Interesting result of a newbie mistake

Instead of writing
a = %w{ ant cat dog }
I wrote
a = %{ ant cat dog }
puts a[2] --> 110

I didn’t find an explanation for this result in Dave T.’ book
Anybody volunteers a response?

Thanks,
Víctor

2008/5/7 VICTOR GOLDBERG [email protected]:

Instead of writing
a = %w{ ant cat dog }
I wrote
a = %{ ant cat dog }
puts a[2] --> 110

I didn’t find an explanation for this result in Dave T.’ book
Anybody volunteers a response?

irb(main):001:0> a = %{ ant cat dog }
=> " ant cat dog "
irb(main):002:0> a.class
=> String
irb(main):003:0> a[2]
=> 110
irb(main):004:0> a[2].chr
=> “n”

Cheers

robert

When you have somthing like

a = %{ ant cat dog }
=> " ant cat dog "
irb(main):002:0> a.class
=> String
irb(main):003:0> a[2]
=> 110
irb(main):004:0> a[2].chr
=> “n”

it displaying the ascii value of that character at that paticular place

cheers,
kranthi

On Wed, May 7, 2008 at 4:45 PM, Robert K.
[email protected]

On Wed, 2008-05-07 at 20:10 +0900, VICTOR GOLDBERG wrote:

Instead of writing
a = %w{ ant cat dog }
I wrote
a = %{ ant cat dog }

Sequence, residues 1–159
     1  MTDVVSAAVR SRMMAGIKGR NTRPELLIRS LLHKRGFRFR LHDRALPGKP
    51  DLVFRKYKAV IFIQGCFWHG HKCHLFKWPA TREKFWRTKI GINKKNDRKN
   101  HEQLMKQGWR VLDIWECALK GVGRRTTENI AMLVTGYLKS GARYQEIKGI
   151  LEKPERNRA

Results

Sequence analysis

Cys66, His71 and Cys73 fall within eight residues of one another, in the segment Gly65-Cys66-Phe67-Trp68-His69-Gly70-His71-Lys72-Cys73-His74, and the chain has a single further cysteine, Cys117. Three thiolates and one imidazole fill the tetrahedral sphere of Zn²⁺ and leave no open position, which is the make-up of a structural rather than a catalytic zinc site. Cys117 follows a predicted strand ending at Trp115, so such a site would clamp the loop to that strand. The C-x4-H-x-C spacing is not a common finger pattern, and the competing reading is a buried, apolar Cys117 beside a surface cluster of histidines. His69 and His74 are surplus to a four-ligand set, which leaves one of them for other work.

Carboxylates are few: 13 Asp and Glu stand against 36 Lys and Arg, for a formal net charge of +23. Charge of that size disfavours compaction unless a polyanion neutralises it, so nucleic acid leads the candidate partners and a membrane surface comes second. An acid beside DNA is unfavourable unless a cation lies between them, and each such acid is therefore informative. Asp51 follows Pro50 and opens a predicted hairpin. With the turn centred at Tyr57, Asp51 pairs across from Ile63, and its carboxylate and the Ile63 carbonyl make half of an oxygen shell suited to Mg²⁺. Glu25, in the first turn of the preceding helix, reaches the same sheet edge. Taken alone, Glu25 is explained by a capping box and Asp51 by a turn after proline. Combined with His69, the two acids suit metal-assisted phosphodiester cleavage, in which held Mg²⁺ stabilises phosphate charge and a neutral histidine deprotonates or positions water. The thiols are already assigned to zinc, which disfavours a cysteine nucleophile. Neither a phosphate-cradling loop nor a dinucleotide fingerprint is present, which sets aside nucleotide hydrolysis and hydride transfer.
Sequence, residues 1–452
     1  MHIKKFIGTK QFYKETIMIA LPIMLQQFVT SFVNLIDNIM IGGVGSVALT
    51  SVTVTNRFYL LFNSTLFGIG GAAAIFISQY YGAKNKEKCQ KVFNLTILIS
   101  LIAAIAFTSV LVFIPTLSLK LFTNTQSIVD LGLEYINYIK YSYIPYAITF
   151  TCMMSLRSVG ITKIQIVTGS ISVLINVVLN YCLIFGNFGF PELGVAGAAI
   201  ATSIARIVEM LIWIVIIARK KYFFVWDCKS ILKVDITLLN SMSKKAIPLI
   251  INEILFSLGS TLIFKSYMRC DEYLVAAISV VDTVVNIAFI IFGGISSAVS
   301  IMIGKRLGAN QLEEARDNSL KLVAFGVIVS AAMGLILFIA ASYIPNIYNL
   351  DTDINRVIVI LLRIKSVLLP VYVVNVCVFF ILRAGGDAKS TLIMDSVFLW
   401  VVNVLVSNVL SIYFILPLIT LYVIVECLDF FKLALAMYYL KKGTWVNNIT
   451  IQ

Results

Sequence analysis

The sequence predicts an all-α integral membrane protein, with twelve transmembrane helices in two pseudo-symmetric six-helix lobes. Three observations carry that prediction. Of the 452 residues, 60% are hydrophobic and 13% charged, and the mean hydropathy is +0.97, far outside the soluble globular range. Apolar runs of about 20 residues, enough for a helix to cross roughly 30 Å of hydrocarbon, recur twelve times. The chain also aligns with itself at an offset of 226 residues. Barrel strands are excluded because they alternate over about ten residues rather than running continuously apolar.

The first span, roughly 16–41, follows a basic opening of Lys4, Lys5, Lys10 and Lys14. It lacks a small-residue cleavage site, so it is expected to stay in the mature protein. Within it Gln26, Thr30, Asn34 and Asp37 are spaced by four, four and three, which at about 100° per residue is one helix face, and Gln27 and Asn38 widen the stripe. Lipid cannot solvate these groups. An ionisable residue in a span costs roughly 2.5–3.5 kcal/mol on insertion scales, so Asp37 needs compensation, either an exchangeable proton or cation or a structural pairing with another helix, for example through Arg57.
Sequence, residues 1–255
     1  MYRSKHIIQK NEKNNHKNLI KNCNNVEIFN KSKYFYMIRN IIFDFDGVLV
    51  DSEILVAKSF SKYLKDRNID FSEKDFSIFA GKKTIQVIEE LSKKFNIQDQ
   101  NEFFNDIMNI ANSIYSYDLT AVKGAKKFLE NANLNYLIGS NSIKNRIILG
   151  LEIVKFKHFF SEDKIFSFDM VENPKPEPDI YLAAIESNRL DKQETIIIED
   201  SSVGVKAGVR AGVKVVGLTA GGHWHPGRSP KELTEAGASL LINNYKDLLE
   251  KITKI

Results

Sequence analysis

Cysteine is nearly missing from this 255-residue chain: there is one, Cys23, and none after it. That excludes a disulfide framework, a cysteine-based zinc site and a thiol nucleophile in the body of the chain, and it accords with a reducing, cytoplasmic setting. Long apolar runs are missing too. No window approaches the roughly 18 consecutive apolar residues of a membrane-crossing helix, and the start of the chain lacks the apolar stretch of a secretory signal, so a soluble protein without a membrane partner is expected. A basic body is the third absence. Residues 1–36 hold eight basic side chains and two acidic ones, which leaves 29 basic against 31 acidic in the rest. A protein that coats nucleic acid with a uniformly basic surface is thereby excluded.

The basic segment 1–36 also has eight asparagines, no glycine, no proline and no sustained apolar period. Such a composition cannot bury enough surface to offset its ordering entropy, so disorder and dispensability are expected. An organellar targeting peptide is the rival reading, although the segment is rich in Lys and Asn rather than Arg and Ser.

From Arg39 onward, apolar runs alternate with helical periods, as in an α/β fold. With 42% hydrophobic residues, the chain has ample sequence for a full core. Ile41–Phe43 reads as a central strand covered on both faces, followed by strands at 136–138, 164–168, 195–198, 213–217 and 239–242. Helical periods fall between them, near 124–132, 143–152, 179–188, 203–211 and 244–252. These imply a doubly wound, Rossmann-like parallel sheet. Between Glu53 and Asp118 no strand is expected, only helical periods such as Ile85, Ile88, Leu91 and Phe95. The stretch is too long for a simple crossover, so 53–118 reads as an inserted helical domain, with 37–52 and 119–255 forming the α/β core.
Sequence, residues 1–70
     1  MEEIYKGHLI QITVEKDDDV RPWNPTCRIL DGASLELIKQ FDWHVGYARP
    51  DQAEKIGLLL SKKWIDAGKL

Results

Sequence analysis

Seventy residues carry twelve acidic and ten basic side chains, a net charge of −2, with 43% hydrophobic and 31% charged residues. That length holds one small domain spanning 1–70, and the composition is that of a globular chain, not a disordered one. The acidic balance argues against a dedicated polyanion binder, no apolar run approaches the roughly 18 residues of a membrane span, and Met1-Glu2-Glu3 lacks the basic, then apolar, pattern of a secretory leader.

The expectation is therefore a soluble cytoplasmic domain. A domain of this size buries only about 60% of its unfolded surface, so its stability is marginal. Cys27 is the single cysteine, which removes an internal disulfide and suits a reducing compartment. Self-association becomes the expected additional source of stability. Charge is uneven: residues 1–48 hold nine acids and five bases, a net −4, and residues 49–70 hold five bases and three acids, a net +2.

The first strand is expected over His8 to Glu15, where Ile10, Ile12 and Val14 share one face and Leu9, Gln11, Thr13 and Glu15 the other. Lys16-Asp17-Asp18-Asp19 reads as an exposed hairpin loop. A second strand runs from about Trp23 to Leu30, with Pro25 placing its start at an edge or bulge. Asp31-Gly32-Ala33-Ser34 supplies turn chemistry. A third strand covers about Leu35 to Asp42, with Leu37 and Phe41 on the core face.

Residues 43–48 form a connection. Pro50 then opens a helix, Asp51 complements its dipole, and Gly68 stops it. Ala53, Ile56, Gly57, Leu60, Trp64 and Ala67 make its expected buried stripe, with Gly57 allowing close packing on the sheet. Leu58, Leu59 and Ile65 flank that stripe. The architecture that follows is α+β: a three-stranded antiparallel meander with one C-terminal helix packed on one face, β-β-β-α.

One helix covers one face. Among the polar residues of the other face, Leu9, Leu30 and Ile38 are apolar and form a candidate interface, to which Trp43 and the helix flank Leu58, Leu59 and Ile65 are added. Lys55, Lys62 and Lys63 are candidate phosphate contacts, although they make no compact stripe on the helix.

puts a[2] --> 110

I didn’t find an explanation for this result in Dave T.’ book
Anybody volunteers a response?

irb(main):001:0> a = %{ ant cat dog }
=> " ant cat dog "
irb(main):002:0> a[2]
=> 110
irb(main):003:0> a = %w{ ant cat dog }
=> [“ant”, “cat”, “dog”]
irb(main):004:0> a[2]
=> “dog”

They’re different types. The first one came back as the string " ant
cat dog " while the second came back as an array with three strings
[“ant”,“cat”,“dog”]. One of the principles of least surprise in Ruby is
that indexing a string gives you the integer value of the character at
that location. (I may be using a bit of sarcasm with that “principle of
least surprise” thing there…) So a[0] is 32 (the ASCII encoding for
a space), a[1] is 97 (for “a”) and a[2] is 110 (for “n”). If you do it
the right way (for your purposes, I mean) a[0] is “ant”, a[1] is “cat”
and a[2] is “dog”.

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